In 1986 (I think it was), I had been living in Los Angeles. Not only did I purchase my first computer there, I wrote a fantasy novel set in New York City. The book was actually purchased by one editor, but then dropped, when in the process of revision I realized to write a novel set in a modern city, without people of color, made no sense. I offered the book to another publisher, who turned it down saying, “It had no salt.” I put the book aside, not sure what to do with it. A few months later, I read an article by artist Will Eisner, in which he argued that the graphic novel, a term he popularized, was a legitimate form of literature.
Bells rang in my head. As a kid, I adored comic books and read them by the thousands. It struck me that my novel was rather like a comic book tale and could find life in that form.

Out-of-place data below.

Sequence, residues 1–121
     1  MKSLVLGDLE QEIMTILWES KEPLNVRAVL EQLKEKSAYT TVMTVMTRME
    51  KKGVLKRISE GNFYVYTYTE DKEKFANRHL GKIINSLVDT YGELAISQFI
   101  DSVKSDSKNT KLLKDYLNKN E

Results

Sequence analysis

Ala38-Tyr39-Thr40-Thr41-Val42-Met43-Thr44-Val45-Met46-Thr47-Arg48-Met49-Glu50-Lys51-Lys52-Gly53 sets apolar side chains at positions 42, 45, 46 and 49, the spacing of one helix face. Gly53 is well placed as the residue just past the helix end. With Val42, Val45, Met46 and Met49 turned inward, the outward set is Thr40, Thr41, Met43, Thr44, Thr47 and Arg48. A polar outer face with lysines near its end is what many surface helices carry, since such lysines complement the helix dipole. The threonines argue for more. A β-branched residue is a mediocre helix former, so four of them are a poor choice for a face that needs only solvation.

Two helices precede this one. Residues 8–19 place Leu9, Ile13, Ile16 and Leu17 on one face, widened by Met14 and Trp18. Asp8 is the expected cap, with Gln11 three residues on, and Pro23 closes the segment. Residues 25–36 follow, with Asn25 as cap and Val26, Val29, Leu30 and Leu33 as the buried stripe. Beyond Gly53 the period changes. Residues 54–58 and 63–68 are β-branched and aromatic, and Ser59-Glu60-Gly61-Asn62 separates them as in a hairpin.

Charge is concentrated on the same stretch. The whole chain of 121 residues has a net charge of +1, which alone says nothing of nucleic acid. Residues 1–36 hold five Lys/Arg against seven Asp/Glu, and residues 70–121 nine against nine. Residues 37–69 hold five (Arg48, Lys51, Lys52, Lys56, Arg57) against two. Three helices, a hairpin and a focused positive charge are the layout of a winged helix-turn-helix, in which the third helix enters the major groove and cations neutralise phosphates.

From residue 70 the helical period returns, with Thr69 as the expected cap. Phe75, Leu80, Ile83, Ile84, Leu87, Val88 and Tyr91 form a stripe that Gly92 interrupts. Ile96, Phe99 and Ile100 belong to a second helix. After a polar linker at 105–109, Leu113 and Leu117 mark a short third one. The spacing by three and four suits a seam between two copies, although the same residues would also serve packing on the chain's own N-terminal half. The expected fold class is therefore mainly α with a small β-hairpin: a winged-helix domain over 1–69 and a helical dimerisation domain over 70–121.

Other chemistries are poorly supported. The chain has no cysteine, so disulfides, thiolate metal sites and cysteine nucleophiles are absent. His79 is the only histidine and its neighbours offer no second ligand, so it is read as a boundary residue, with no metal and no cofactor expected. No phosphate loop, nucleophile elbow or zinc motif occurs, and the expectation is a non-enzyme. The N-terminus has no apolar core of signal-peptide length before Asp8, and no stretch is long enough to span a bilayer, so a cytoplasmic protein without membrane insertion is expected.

By then I was living in Providence, Rhode Island, and had become an acquaintance of David Macaulay who was teaching illustration at the Rhode Island School of Design. I asked him if he knew of any comic strip artists. He suggested one of his students—who was also a student at Brown University. The young man drew a daily strip for the Brown University student newspaper. The student’s name was Brian Floca.
By that time my editor was Richard Jackson, then of Orchard Books. I suggested he take my novel and we would transform it into a graphic novel. He was dubious, until I sent him a copy of Maus, the extraordinary graphic novel by Art Spiegelman. That book convinced Richard that there was validity to the form. We three became a team.
Brian and I met often over a period of years to create City of Light, City of Dark. It is still around and still enjoyed. And Brian is still traveling fast.